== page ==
“did not discriminate on the basis of race, religion, marital status or sexual orientation. “If I had read the school’s website and it had said, ‘We do not hire gay men or gay men who marry,’ I would have never taken the job at Eastside Catholic,” He also said the employee handbook indicated the school did not discriminate.” gives him a stronger case.

    The school was basically asking for a lawsuit by putting in their policy something that was inconsistent with the Church’s teaching.

    If this case gains traction I assume other schools will not make the same mistake in the future.

  12. In addition to the strictly legal requirements the Church must of course respect, they are stepping out of their widely known “past practice” of covering up and transferring Pedophile Priests. Boor Past-terdz can’t win ‘eh!!!

  13. Great story Darren. It will be a tough case for the ex-principal to win. I agree with Chuck that if the school hires non-Catholics, they cannot be forced to observe and participate in church rituals. However, most Catholic schools I have attended or paid tuition at, do not hire many non Catholic teachers.

  14. Randy,
    I recall a school where the teachers and administrators were expected to refrain from dancing, drinking anything with alcohol in it, or listening to rock ‘n roll music. It was a public school, and although those rules were not written down, those were the unwritten expectations of the school board. Those rules applied even if the faculty member was on vacation out of town. If somebody saw you dancing with your wife and told the a school board member, it is likely your contract would not be renewed.

    That was in the 1960s, but I would not be surprised to learn there are still isolated school districts like that one. From a legal standpoint, I think the same thing applies here. Private behavior, even if the administration disagrees or differs, is still private behavior. If the school hires persons who are non-Catholic, then they have even less room to demand adherence to their “purity” standards. Would they demand a Jewish employee observe RCC rituals and feast days?

    1. OS I think that common sense should prevail. If you accept employment at a religious school that is private, takes no tax money, and requires deference to that religion, then it seems a little funny or absurd to think that you can PUBLICALLY spit in the face of the church and its teachings. Now it would be different if the school hired private detectives and found out that he was gay. It would be invading his privacy that might get the school in trouble. But when he chooses to declare to the world he is gay, and flaunts it, THEN he is really disputing and spitting in the face of his employer. I doubt that any employer would be expected to keep a person in its employ who publicly spit on and defamed the company. It seems like the Catholic church only got upset when he made an issue out of his sexual preferences and made it public. That is really asking for some confrontation, and he had to know that this would force them to act. So applying some reasonable common sense here, I think that to demand that his employer change their positions on matters of morality AFTER he is hired KNOWING their opposition to his lifestyle and HIS making a public declaration of his flouting and flaunting the Church’s teachings is asking a bit much to make him out to be a victim. It is like running out in the street in front of a car, being hit, and then crying about being hit for your stupidity or illegal behavior. Let’s get real. I seriously doubt he did not know the position of the Church on such matters when he was hired. So HE KNEW and did not object to their policies at the time he was hired. I am sure if he had mentioned that he was gay, they would not have hired him, and they sure would not have hired him if he had told him his intention to marry another man.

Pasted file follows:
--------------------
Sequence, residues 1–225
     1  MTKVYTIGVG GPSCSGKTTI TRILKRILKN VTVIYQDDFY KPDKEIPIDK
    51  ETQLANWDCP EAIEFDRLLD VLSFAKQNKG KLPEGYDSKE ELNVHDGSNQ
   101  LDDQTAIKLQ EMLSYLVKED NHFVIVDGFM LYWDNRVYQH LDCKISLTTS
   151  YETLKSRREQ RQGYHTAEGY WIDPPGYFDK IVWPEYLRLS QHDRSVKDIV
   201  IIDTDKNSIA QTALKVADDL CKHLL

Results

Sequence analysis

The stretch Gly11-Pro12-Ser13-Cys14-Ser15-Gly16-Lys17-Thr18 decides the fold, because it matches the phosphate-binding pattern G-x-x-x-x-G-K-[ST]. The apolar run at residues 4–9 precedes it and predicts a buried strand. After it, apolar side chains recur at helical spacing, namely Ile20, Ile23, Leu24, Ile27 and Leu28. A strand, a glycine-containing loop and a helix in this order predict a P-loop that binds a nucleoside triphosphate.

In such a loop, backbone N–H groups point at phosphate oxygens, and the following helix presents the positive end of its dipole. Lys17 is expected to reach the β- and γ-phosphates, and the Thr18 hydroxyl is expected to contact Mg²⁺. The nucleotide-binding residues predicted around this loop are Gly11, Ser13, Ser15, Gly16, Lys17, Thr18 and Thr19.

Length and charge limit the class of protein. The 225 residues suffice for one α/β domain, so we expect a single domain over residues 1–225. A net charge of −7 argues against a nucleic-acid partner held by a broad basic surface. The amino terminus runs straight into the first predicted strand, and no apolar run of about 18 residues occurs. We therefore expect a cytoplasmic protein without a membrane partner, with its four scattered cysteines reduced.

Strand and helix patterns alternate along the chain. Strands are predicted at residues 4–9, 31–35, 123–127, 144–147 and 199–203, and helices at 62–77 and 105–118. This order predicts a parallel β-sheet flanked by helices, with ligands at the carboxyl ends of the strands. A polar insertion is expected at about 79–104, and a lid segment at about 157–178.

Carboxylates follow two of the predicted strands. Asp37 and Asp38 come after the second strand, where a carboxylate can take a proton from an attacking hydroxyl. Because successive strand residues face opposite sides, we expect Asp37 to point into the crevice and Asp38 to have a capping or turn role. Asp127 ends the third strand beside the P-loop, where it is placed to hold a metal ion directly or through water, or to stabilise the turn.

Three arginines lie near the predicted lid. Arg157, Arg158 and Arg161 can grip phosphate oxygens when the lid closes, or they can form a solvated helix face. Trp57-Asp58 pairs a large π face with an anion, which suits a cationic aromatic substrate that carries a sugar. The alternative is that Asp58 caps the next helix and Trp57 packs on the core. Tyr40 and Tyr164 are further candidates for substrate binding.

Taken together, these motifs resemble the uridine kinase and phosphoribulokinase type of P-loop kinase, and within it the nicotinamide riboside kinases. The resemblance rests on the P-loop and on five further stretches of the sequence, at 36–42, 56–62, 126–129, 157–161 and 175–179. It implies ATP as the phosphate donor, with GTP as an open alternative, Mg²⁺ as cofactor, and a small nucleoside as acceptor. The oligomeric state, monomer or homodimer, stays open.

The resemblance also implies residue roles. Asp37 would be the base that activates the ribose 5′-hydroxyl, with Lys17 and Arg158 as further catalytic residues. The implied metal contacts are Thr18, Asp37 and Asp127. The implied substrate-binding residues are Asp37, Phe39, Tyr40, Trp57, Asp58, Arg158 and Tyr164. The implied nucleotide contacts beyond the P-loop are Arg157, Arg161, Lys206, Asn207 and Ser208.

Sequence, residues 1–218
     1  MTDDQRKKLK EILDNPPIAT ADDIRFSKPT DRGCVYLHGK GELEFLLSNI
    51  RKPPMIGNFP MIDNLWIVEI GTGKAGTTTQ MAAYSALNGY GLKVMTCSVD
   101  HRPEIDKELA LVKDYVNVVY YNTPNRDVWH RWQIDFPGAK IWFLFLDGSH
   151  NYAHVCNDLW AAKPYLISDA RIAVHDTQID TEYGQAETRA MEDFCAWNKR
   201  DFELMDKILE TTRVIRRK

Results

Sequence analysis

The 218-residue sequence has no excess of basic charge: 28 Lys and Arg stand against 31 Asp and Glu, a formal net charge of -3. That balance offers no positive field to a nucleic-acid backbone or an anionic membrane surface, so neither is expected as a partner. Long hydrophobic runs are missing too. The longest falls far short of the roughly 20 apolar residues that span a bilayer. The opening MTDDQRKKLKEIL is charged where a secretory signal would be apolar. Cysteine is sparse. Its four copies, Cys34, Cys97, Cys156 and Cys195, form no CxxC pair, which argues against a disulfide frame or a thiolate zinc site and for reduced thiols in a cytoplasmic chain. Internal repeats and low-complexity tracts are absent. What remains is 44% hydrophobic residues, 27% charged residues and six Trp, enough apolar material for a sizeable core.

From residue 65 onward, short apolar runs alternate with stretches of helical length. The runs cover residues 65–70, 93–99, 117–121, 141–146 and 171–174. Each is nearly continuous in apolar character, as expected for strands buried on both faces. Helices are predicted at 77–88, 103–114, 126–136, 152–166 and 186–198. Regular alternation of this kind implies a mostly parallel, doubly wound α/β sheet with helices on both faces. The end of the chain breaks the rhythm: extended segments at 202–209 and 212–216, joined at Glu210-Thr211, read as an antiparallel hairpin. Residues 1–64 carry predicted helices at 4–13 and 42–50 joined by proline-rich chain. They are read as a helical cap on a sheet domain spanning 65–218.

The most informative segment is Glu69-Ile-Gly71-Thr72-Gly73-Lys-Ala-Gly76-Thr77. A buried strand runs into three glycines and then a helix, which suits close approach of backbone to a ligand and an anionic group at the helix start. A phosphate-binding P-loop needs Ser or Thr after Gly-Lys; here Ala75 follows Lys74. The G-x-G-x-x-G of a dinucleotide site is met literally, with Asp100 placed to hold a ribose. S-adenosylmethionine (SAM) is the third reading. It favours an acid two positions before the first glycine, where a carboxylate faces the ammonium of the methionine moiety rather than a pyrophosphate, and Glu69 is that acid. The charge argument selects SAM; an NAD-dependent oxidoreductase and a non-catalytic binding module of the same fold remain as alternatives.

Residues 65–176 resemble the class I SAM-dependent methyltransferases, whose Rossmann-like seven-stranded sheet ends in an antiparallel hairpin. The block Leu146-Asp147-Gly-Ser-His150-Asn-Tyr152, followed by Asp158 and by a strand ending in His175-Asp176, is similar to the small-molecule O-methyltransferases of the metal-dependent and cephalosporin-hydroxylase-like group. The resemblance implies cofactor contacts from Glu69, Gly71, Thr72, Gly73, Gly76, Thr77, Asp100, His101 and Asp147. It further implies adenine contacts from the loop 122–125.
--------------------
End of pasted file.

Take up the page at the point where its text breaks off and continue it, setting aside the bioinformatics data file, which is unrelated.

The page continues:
15. I can see that Catholic and other religiously affiliated entities will have to make i clearer in their employee handbooks and employment offers that they DO indeed discriminate against homosexuals who marry, or would it be against all homosexuals married or not? In the hospitals they would need to let patients know that their care is based on the hospitals particular religious belief system and are subject to having their care there based on those beliefs. We need to know who would discriminate against who based on sexual orientation and avoid these businesses and hospitals and schools. Also these entities should NOT be getting public money. I don’t want my tax dollars helping any bigoted school, hospital or business.

  16. I think that he has a far less valid claim since he is a leader of that school and as such is more important than that of a security guard in a hospital. Since the school is specifically stated and designed to give a CATHOLIC education. it seems to be common sense that one would have to abide by Catholic doctrine and restrictions. for teachers and administrators. It would be much different if it were a janitors or electrician job. Then I think he would have a valid claim.